Harsh reality for Panthers: Cam Newton is not changing

CHARLOTTE, N.C. — Cam Newton probably isn’t going to change, folks.

The Carolina Panthers quarterback probably always will be in a great mood when he’s winning. He probably always will be in a foul mood when he’s not — as has been the case the past two weeks with losses to the Philadelphia Eagles and the Chicago Bears.

But that doesn’t make Newton’s behavior on Wednesday, when he abruptly walked out of his news conference as another question was being asked, right.

The roll of his eyes and pouty look upon his exit isn’t an image that team owner Jerry Richardson probably wants from the face of his organization, which is built around the “Keep Pounding” symbol of late Panthers middle linebacker and assistant coach Sam Mills.

It’s not an image any team owner should want.

It’s not an image one would expect from a 28-year-old in his seventh NFL season, particularly after three days’ time to gather his emotions and digest the loss.

Other Panthers players are unhappy with the losing streak that has Carolina (4-3) a half-game behind the New Orleans Saints in the NFC South. But they answered questions all week and did it without rolling their eyes or walking away.

Outside linebacker Thomas Davis on Thursday had to answer questions about his wife, Kelly, who recently revealed on a local television show how Davis had been playing with a broken rib for the past three weeks.

Davis did it with a smile. And with class.

Newton might have more on his shoulders than most, but he also represents more than most.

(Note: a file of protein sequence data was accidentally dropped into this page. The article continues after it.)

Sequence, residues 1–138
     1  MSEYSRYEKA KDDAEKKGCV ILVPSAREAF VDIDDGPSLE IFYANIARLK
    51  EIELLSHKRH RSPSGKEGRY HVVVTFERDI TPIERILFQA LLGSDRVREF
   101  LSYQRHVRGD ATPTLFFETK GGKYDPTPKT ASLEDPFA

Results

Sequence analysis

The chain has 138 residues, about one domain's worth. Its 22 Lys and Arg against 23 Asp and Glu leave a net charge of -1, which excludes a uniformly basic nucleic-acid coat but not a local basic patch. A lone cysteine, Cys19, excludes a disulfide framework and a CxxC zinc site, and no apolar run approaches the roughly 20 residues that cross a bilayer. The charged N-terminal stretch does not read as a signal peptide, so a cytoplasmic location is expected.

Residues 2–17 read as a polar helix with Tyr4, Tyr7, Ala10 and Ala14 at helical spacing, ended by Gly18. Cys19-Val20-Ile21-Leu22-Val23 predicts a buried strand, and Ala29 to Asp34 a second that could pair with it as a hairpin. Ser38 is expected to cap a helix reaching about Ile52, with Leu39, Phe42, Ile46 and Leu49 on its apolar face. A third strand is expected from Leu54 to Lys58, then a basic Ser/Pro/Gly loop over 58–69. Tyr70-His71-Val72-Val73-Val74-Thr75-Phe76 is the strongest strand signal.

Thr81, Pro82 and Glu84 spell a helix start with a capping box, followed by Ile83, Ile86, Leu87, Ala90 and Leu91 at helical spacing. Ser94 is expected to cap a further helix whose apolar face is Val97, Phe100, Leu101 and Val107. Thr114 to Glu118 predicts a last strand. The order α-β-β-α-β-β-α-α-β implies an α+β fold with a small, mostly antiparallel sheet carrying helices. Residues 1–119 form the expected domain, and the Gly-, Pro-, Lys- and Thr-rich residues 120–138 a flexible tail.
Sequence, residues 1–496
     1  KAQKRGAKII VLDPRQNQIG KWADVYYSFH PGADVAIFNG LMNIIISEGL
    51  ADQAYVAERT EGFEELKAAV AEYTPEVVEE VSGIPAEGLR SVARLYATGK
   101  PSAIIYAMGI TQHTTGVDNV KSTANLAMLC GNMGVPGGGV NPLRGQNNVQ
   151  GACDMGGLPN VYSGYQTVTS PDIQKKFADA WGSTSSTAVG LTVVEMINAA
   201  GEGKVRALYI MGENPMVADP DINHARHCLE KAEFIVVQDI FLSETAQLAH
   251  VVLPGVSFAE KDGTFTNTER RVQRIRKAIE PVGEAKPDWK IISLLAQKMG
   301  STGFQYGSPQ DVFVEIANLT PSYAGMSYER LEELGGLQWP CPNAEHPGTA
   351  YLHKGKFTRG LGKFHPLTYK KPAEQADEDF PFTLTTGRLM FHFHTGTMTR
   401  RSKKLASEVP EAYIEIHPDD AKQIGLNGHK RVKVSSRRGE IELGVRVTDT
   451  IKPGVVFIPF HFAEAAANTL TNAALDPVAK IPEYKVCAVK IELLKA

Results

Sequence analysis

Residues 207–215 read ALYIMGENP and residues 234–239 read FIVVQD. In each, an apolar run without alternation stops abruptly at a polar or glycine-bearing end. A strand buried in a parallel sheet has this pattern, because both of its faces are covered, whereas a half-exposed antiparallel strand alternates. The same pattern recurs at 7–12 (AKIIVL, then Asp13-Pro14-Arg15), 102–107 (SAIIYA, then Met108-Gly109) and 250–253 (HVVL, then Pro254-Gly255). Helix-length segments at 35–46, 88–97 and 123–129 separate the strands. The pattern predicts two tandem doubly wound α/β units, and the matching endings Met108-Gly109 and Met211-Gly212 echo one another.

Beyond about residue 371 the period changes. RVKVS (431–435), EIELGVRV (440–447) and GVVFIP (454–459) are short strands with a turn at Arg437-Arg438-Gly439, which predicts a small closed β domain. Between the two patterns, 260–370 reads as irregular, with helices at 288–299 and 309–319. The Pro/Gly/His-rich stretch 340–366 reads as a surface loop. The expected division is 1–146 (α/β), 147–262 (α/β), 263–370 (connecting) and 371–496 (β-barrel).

He already lost an endorsement after making light of a football question from a female reporter from the Charlotte Observer three weeks ago. What if the team one day loses a sponsor or endorsement because of him?

And how does all this impact Newton’s legacy? Mills is the only player with a statue outside the stadium, and that had as much to do with the integrity and respect he brought the organization as for what he did on the field.

What would the statue of Newton look like? Would it be of Cam’s signature “Superman” move? Or would it have a towel over its head? And would it be rolling its eyes?

The organization is partially to blame for all this, allowing Newton to get away with this behavior for so long. From the time he walked in as the first pick of the 2011 draft, he was placed on a pedestal like no one in the organization before him.

Then he became a bigger star as the league MVP in 2015.

But even the organization has to be tired of apologizing for Newton’s behavior — or at least explaining it — as has happened twice now in three weeks.

Nobody should be surprised by Newton’s quick exit from Wednesday’s news conference. It was obvious from the get-go he wanted to be somewhere else — just as it was when he abruptly left the podium following a 24-10 loss to the Denver Broncos in Super Bowl 50.

That moment after the championship game in 2016 has defined him in a way few superstars have been. It also has put him under the microscope; so when other incidents occur, it is magnified. If it weren’t for the Super Bowl exit, Wednesday’s walkout probably wouldn’t have been a huge deal.

This one seemed bigger than others because Newton didn’t speak to reporters at all last week. And that came two weeks after what he called his “extremely degrading and disrespectful” choice of words to Jourdan Rodrigue of the Observer.

At some point, Newton has to grow tired of having to apologize, as well.